9. Low Maintenance Costs
The solar roads require the same, if not less maintenance as compared to traditional roads. What is needed is only to keep them free from dirt by cleaning them a couple of times in a year. When in doubt, one can request the services of a specialist who will not charge a lot. In fact, most solar panel manufacturers offer a warranty that can go over 20 years.
There are no moving parts, meaning there is no wear and tear. The only thing that requires changing every 5-10 years is the inverter, which keeps them back on track. The cables also require some maintenance for them to run at maximum efficiency. But then again, the solar roadways can be a bad idea, and the reasons are explained below.
Why Solar Roads Are a Bad Idea?
1. Safety Concerns
The inventors of solar roads have said that solar tiles can make the roads safer. However, the claims are yet to be tested on actual roads with real automobiles on a real surface. They have so far tested using bikes and with a pendulum rig in an environment. This fails to account for factors like spilled motor oil or rain in the roadway. Even if tests have been done elsewhere, it is unclear if the panels can withstand the weight of traffic.
A typical solar panel is positioned in a way that it grabs as much sunlight as possible, meaning they are often tilted. Unfortunately for solar roads, the panels will have to be positioned horizontally on the surface of the road, which is not an optimum angle for its productivity. The shading problem means less power will be produced and only a small percentage of the panel will be generating the power required.
3. Reduced Performance
In addition to the panels not generating as much energy because of their positioning, they can also be less effective because of how they are installed. They are fixed on the surface of the road, denying them air circulation.
This means the panels will heat up more than a rooftop solar panel. For each degree Celsius over optimum temperature, about 5% of energy efficiency will be lost. On this account, the performance of the panels drops and this means it fails to produce return on investments.
It is the major drawback of solar roads. Solar roads are a relatively new concept and rely on solar panels which are not so affordable, especially if they are meant to withstand the weight of moving vehicles. Additionally, the panels would be laid one after the other, covering hundreds of thousands of miles.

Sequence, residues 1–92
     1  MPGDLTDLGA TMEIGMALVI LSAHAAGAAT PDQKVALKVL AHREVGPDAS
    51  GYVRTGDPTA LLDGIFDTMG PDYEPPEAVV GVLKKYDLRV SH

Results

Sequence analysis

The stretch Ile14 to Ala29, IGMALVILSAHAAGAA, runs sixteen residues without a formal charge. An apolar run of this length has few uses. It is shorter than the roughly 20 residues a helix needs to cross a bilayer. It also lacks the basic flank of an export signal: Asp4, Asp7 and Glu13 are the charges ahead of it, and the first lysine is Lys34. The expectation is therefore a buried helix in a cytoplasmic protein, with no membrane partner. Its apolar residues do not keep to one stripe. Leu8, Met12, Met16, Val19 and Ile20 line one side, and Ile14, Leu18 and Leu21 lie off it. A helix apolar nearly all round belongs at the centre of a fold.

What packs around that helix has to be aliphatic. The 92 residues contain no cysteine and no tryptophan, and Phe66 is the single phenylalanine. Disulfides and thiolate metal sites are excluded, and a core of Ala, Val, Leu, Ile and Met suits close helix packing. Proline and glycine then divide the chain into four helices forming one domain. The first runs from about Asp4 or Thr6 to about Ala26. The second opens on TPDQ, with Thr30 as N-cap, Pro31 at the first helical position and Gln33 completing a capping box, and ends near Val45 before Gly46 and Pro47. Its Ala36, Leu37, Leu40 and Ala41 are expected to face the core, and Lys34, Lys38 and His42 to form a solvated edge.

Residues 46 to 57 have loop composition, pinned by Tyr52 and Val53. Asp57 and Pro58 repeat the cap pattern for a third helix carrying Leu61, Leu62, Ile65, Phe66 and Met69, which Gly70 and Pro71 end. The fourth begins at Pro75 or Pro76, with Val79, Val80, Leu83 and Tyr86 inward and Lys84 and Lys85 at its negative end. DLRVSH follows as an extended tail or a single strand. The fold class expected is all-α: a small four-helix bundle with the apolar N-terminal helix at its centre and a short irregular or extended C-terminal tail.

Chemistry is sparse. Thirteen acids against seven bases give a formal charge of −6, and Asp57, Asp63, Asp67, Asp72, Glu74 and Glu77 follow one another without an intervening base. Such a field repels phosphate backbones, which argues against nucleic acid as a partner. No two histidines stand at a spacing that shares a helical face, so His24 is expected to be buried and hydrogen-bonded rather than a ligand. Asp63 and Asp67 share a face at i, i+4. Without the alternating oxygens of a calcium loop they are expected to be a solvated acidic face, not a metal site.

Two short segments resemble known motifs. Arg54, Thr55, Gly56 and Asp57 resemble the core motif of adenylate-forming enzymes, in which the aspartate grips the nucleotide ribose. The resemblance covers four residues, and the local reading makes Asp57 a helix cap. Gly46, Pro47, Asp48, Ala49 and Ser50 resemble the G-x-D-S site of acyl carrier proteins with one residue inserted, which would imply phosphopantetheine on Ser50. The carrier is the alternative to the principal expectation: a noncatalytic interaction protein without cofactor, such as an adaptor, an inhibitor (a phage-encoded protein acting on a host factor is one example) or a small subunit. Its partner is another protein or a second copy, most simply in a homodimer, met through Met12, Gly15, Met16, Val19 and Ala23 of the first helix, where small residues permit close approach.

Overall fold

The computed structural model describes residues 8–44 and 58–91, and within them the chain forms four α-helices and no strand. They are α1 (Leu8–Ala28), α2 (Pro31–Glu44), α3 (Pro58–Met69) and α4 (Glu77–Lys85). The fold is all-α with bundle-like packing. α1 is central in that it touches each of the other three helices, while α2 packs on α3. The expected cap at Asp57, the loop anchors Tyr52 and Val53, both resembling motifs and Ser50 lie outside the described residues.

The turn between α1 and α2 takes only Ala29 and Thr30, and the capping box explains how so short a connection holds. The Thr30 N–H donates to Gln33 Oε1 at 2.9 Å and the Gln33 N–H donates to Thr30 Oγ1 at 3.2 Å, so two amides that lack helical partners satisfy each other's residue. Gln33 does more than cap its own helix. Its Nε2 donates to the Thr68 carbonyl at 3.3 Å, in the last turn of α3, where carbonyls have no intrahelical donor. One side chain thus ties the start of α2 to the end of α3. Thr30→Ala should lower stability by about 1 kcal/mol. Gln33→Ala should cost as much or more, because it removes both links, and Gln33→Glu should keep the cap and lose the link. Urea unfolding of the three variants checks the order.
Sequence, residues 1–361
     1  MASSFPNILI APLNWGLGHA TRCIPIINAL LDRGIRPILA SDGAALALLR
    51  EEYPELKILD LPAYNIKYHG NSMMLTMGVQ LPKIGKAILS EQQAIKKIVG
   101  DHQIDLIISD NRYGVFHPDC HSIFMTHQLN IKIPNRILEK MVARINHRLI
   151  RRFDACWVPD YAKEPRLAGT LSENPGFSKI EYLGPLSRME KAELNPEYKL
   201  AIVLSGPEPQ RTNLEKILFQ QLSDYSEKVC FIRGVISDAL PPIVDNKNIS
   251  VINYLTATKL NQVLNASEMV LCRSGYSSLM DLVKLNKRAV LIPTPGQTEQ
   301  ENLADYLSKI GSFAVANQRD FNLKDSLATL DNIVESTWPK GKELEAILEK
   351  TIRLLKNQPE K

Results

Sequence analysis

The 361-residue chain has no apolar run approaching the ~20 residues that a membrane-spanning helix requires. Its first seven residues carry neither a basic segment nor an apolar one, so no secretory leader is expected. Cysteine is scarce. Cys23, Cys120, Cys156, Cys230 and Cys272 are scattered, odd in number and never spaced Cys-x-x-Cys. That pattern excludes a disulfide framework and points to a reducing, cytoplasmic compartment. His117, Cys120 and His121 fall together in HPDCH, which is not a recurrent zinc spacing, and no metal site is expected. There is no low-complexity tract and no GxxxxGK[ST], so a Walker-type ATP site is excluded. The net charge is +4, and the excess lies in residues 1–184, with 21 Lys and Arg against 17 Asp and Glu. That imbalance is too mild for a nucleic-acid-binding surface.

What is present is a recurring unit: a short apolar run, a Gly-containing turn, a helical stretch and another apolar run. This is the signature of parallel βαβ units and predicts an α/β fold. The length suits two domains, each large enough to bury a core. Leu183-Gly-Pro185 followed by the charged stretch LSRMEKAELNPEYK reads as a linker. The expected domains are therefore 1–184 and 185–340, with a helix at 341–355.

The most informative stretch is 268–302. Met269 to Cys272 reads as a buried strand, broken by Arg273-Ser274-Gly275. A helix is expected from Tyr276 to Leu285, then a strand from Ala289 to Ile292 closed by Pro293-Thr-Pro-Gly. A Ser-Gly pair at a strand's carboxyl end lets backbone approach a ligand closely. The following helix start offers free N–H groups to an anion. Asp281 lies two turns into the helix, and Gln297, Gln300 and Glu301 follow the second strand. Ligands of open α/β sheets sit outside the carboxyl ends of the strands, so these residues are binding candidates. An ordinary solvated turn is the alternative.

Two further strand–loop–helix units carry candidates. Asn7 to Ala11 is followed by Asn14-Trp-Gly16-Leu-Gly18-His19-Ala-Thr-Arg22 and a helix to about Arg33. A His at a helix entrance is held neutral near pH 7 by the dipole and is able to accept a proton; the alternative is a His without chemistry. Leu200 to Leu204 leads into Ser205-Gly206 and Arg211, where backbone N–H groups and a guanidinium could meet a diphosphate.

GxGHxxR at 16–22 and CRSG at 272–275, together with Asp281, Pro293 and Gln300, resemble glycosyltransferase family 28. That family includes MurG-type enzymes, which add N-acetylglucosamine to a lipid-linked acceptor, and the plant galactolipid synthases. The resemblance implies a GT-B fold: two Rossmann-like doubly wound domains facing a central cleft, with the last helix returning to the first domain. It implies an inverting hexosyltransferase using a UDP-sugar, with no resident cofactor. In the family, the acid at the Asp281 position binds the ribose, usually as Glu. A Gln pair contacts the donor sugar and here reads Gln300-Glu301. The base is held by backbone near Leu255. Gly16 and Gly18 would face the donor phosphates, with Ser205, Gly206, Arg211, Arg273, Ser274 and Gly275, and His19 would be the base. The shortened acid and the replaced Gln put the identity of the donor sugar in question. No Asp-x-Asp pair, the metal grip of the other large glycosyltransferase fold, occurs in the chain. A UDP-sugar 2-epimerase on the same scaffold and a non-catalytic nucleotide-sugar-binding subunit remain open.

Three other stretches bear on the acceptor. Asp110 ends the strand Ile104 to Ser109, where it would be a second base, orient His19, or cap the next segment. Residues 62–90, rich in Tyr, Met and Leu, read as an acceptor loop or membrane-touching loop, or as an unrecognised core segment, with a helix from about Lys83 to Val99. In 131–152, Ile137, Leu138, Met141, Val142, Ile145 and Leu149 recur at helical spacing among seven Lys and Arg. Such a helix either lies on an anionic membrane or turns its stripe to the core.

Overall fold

This means a lot of money is required to kickstart the project, not forgetting the expertise required for the process, as well as other devices like inverters, batteries, and the overall wiring. For instance, the WattWay in France, launched in 2016, covering only 1km, or about 2,880 square meters of solar panels cost around €5 million.
5. They Can Only be Installed in Specific Locations
Some roads pass through natural forests, tunnels or are close to skyscrapers. These structures or habitats cannot allow the proper passage of sunlight onto the road and it translates that the solar roads in such areas would not generate enough energy as required. As such, they can only be fixed in specific locations, especially those that get a lot of direct sunlight.
Are Solar Roads the Future?
Solar roads are the future, considering their increased use and installations in the world over the past five years:
1. France: As mentioned above, in Tourouvre-au-Perche, France, a 1km solar road was built in 2016, making it the world’s first solar road. It used about 2,880 square meters of the solar road is said to generate enough power to power streetlights in the area.
2. Georgia, USA: After the success in France, a test stretch was installed near the Georgia-Alabama border. This pilot test by the Ray C. Anderson Foundation formed part of the foundation’s The Ray project, a 29km living laboratory for testing renewable energies and technologies.
3. China: A 1km expressway was built in 2018 in Jinan, China. It can generate around 1 million kilowatt-hours per year. However, some panels were robbed out soon after the construction, but they have no commercial value and are thought they were taken to be reverse-engineered.
4. Netherlands: In Kilometres, the Netherlands, a 70m bike path has been designed and over one year, the solar cycle path generated between 50 and 70 kWh per square meter, enough to power three houses. Users have commented that they do not even notice the difference with the normal tarmac.
5. The United States: a company from the US state of Idaho is planning to roll out solar-powered roads all over the nation. They intend to use hexagonal solar road tiles that can generate electricity as well as act as digital driving surfaces using LEDs, that are controlled remotely. They will also be reinforced so that the glass can support a truck weighing 113 tonnes.